Stressful Fat

Stressed out? Even when everything is moving right along just fine, I find a way to embody pressure, urgency and worry. Some days, I power on like a freight train about to blow its engine, and forget to slow down enough to release the percolating tension. I forget to stretch and breathe.

When we’re stressed, we create a surge of adrenaline that forces our bodies to revert back to our primate instincts of fight or flight, like flee from a tiger kind of fright. Regardless of whether the stress is actually physical or psychological, our bodies expect us to literally get up and fight the stressor head on or run quickly the other way. Stress signals the body that we’re going to need more energy to survive. As the adrenaline surges through our blood, cortisol—the stress hormone—is also release by the adrenal glands. Cortisol signals the body that it’s time to replenish the utilized energy. But unless we actually did something physical to avoid the stressor, we didn’t burn any extra calories. Regardless, cortisol tells us we’re hungry—really, really hungry. So we eat more. As long as we remain stressed, the cortisol swims around in the body, continues to make us think we need to replenish this energy we never used. Cortisol also makes us retain body fat. According to Fat Flush for Life, by Ann Louise Gittleman, “Deep abdominal fat contains four times more cortisol receptors than do other fat sites, cortisol is drawn to it.”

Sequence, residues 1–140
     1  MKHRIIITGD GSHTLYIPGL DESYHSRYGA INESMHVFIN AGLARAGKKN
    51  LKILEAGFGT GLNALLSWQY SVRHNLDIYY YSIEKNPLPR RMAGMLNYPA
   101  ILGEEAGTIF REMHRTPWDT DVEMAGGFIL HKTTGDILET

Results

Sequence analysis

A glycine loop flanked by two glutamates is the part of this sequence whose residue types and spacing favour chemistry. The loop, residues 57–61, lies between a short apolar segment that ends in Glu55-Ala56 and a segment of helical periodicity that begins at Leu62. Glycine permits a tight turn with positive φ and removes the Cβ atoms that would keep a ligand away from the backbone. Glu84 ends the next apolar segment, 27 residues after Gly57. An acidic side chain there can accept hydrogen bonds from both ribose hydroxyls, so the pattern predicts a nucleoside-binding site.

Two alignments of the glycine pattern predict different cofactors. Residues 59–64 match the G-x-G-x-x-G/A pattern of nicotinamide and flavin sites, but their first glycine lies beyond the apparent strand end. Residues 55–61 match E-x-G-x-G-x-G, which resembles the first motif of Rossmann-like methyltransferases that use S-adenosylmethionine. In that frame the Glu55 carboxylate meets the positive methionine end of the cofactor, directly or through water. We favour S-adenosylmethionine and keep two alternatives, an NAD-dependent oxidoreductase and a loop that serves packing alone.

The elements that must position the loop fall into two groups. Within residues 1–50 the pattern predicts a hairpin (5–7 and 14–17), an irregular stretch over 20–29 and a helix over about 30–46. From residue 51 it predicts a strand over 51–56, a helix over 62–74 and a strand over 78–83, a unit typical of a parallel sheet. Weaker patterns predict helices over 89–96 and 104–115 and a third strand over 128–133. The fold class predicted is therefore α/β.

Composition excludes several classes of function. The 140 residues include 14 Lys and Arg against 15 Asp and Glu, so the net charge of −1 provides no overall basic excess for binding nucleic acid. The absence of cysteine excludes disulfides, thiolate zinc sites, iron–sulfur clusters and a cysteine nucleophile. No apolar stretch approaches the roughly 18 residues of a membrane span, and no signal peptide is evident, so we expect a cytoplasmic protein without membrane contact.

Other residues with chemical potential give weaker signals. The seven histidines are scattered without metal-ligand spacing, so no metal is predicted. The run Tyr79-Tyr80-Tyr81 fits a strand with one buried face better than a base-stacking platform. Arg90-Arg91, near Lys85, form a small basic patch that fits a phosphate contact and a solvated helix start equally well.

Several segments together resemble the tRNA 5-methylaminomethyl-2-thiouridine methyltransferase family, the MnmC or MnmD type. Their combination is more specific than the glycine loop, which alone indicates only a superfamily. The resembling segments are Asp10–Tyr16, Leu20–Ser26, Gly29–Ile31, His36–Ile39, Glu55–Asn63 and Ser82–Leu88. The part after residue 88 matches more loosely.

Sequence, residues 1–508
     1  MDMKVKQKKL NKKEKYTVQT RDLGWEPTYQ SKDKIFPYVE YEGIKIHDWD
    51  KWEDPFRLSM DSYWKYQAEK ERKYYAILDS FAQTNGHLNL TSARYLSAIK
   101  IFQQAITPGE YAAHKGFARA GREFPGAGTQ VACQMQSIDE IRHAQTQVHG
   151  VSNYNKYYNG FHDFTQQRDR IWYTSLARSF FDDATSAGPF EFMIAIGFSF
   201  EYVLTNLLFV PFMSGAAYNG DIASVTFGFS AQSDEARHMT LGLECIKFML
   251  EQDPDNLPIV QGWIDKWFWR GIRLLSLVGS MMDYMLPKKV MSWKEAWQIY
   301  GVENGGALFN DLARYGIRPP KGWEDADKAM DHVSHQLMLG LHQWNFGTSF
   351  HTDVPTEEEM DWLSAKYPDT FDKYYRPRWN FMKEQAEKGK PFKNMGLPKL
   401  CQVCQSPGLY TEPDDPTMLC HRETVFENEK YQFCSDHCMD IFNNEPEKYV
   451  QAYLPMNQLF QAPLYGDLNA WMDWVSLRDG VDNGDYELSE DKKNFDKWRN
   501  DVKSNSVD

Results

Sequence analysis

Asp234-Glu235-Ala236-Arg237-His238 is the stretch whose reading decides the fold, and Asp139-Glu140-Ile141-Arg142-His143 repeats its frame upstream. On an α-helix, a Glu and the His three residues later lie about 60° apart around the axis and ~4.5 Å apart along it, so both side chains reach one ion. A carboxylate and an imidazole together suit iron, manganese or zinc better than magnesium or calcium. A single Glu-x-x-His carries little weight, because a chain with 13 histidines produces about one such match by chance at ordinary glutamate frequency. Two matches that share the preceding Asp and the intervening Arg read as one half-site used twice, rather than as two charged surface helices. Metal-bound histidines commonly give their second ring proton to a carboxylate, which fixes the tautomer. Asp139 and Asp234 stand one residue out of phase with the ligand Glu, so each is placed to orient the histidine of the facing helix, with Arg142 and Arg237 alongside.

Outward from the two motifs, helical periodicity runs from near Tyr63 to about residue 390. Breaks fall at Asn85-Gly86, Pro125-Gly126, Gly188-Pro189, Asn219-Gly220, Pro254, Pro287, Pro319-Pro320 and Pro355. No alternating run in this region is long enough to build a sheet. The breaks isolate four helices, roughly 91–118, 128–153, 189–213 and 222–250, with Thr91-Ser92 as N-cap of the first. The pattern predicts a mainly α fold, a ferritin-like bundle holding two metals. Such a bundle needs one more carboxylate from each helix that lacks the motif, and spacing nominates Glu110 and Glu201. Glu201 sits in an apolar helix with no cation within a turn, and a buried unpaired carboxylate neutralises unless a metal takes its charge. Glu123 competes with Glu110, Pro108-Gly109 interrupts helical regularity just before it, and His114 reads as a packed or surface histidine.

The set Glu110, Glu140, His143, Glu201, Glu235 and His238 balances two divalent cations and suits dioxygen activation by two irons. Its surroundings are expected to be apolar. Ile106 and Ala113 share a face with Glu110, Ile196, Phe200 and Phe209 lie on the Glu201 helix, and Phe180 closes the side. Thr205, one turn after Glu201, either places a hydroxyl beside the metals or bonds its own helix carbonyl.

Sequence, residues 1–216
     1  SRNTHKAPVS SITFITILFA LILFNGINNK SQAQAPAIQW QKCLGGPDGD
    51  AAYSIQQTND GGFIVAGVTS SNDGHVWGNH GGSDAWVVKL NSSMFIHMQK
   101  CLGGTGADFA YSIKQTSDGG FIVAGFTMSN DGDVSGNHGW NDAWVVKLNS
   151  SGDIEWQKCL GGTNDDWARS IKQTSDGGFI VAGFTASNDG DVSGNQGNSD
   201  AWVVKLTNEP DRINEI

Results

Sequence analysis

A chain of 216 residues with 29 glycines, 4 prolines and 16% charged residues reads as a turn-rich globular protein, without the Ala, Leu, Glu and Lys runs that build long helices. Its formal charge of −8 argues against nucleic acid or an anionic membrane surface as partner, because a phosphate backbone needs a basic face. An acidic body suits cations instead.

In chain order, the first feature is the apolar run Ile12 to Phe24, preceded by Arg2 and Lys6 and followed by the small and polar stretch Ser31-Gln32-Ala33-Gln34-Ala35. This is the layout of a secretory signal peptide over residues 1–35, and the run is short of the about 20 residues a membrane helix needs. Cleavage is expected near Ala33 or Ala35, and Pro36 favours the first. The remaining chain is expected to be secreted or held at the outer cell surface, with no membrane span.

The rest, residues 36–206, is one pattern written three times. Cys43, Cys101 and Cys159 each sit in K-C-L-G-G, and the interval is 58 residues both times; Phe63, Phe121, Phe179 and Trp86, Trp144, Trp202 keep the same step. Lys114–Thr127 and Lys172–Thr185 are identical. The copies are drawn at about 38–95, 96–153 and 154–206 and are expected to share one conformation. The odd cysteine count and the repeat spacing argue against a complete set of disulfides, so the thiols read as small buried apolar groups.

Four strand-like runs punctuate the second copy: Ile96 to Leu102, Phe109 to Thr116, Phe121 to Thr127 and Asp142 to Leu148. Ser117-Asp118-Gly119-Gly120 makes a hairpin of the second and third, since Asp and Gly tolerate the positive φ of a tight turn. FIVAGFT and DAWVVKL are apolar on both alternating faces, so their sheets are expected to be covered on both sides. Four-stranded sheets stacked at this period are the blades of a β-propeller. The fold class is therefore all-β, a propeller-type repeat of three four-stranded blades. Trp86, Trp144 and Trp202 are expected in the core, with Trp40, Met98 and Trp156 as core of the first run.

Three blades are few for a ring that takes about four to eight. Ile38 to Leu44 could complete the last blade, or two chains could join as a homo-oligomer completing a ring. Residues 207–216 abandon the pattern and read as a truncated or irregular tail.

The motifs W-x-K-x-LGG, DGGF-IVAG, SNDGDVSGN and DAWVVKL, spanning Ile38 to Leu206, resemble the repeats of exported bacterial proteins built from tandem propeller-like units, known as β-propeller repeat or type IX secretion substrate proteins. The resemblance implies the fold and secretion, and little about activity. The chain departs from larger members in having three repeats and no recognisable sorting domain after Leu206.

Psychological stress is important and is often our indicator that we’re either on the right or wrong path. Sometimes stress takes a strong hold when we’re too excited about something—we’re working too hard, too fast, juggling too many demands, and trying to accomplish too much at one time. Sometimes stress is present to alert us of how unhappy we are given our current circumstances—maybe we really do need to flee. We’re all going to experience stress. There’s no avoiding it. The solution is to figure out ways to keep stress to a minimum and when stress rears its tense head, incorporate ways to decrease its negative effects. By middle-age our cortisol levels naturally increase and make it more difficult for us to keep off the belly fat. Even more reason to incorporate the following stress reducers.  

Exercise is necessary because if our bodies are expecting to fight or run, exercising regularly burns off the calories created from cortisol. Feeling stressed out at work? Hit the floor and do ten push-ups, fifteen squats, or twenty lunges. Walk at lunch, swinging your arms side-to-side. To ward off fat and remain healthy, stress needs to be burned out of the body.      

Sleep is underrated. Studies show that we need an average of 7.5 to 8.5 hours of sleep every night to keep stress levels down. Cortisol levels increase, as the number of hours of sleep decrease. “According to a landmark sleep study in the Journal of American Medical Association, if you sleep between 7.5 and 8.5 hours per night, you will secrete half the cortisol than those who get 6.5 hours or less.” Also, with too little sleep, the body is also unable to metabolize carbohydrates effectively.